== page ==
• The Armed Forces (Arunachal Pradesh, Assam, Manipur, Meghalaya, Mizoram, Nagaland and Tripura) Special Powers Act, 1958 (as amended in 1972), and
• The Jammu and Kashmir Armed Forces Special Powers Act, 1990
2. To refrain from inserting any part of the Acts into any other legislation granting unbridled powers to the armed forces of the union or the State police.
3. Immediately work out and announce a phased, time-bound demilitarisation plan to withdraw the Army and other paramilitary forces from internal security duties in NE states and J & K.
It needs to be noted that AFSPA is not only opposed by the movement groups and the rights bodies but also by the Government’s own commissions and committees appointed to look into the matter. For example, the Committee to Review the Armed Forces Special Powers Act, headed by Justice B. P. Jeevan Reddy in 2005, the Administrative Reforms Commission headed by Dr. Veerappa Moily in 2007 and several others have damned the use of AFSPA and demanded immediate measures for its withdrawal from civil areas.
Internationally, the UN bodies including the Committee on the Elimination of Racial Discrimination and the UN High Commissioner for Human Rights and recently the UN Special Rapporteur on Human Rights Defenders have consistently urged its repeal. However, all these have gone to the deaf ears of the Government.
Along with the struggles of millions of people against the militarization and AFSPA, the fast by Irom Sharmila Chanu has crossed 10 years. She has been force-fed through her nose by the Government, arrested and charged with attempt to commit suicide, criminalized as a high security prisoner, denying her access to family, friends, supporters and the media. It is a shame that in this land of Gandhi, a non-violent protester has been subjected to such humiliation for more than ten years. Even as she continues her struggle along with many in the NE and J & K, we appeal to our comrades in human rights groups and people’s movements across the country to demand repeal of AFSPA along with other draconian laws like UAPA, MCOCA, CSPSA and others and resist the increasing militarization of democratic spaces.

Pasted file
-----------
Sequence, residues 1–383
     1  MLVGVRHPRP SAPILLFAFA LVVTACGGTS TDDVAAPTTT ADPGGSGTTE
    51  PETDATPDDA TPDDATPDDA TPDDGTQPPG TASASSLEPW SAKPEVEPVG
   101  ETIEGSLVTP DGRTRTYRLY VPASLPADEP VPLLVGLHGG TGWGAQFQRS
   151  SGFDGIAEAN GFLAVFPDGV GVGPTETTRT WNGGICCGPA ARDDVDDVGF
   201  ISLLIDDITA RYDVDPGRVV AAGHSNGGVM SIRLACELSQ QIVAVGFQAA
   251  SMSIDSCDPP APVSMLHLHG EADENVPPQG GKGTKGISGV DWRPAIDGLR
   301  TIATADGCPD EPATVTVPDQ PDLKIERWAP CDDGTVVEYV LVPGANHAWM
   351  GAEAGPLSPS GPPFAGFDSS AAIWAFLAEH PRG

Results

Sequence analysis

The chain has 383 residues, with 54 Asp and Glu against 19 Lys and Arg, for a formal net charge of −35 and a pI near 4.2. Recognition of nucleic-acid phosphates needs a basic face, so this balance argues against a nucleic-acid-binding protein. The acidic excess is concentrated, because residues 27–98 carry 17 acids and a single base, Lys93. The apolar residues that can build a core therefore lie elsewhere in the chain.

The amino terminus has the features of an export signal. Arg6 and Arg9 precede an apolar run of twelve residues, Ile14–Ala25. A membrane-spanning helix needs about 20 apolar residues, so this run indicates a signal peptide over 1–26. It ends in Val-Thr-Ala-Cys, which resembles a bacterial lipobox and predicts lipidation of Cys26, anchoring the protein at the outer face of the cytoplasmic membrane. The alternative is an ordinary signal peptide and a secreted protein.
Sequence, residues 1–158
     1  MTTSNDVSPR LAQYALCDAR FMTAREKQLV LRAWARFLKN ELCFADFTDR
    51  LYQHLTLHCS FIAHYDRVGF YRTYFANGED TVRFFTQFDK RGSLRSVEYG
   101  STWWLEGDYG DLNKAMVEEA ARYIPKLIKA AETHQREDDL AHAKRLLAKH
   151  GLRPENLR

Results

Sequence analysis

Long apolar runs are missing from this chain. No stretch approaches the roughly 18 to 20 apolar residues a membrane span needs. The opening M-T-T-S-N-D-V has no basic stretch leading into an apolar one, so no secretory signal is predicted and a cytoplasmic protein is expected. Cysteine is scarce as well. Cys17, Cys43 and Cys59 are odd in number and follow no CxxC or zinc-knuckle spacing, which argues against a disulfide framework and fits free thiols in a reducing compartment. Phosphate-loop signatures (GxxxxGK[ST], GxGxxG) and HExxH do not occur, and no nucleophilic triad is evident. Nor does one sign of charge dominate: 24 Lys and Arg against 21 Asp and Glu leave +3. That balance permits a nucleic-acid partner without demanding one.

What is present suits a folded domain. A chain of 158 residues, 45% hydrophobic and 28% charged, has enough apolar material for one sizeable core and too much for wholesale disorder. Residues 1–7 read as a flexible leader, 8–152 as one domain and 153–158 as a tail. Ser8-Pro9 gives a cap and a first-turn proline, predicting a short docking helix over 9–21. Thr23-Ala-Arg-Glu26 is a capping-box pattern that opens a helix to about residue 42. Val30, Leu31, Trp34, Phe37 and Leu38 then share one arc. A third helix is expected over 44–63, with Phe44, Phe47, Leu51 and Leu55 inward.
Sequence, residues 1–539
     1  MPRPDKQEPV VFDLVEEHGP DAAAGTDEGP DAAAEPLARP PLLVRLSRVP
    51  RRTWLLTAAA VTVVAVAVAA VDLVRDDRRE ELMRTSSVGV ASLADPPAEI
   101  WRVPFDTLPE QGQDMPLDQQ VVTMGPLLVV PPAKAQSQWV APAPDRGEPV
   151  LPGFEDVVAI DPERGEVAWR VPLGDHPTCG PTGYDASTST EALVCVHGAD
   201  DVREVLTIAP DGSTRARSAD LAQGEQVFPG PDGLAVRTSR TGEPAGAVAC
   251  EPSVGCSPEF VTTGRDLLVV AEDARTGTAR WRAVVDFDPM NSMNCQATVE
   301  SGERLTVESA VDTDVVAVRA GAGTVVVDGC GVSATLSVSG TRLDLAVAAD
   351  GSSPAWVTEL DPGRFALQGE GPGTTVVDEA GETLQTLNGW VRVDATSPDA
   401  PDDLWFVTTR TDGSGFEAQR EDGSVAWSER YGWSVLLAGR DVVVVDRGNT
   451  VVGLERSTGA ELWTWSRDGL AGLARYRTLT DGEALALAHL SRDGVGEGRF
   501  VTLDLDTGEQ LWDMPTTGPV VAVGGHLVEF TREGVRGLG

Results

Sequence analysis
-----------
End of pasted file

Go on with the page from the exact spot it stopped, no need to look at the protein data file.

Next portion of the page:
You can join us by organizing
1. Public protests, dharnas, relay fasts in your area
2. Public meetings and seminars on AFSPA and Irom Sharmila demanding the repeal of AFSPA
3. Performances of the solo play `Le mashale’ on Irom Sharmila by Ojas S.V. Write to her email@example.com or call 020 - 24251404
4. Painting exhibitions on Irom Sharmila. The exhibition can be downloaded from: http://www.e-pao.net/epGallery.asp?id=1&src=AFSPA_Related/Neogene201102
5. Screening if films on AFSPA. Copies of the video films are available from: email: firstname.lastname@example.org or phone: 011-26517814
6. Public signature campaigns and sending them to the Prime Minister, the Defence Minister, the Law Minster, the Home Minister and the National Human Rights Commission
7. Issuance of statements by well known writers, intellectuals, film personalities, theatre people, musicians and other artists
8. Any other form of action that you may find appropriate to strengthen democracy in this country
Medha Patkar, Sandeep Pandey, P Chennaiah, Gabriele Dietrich, Suniti S R, Sister Celia, Rajendra Ravi, Bhupendera Singh Rawat, Mukta Srivastava, Faisal Khan, Anand mazgaonkar, Madhuresh Kumar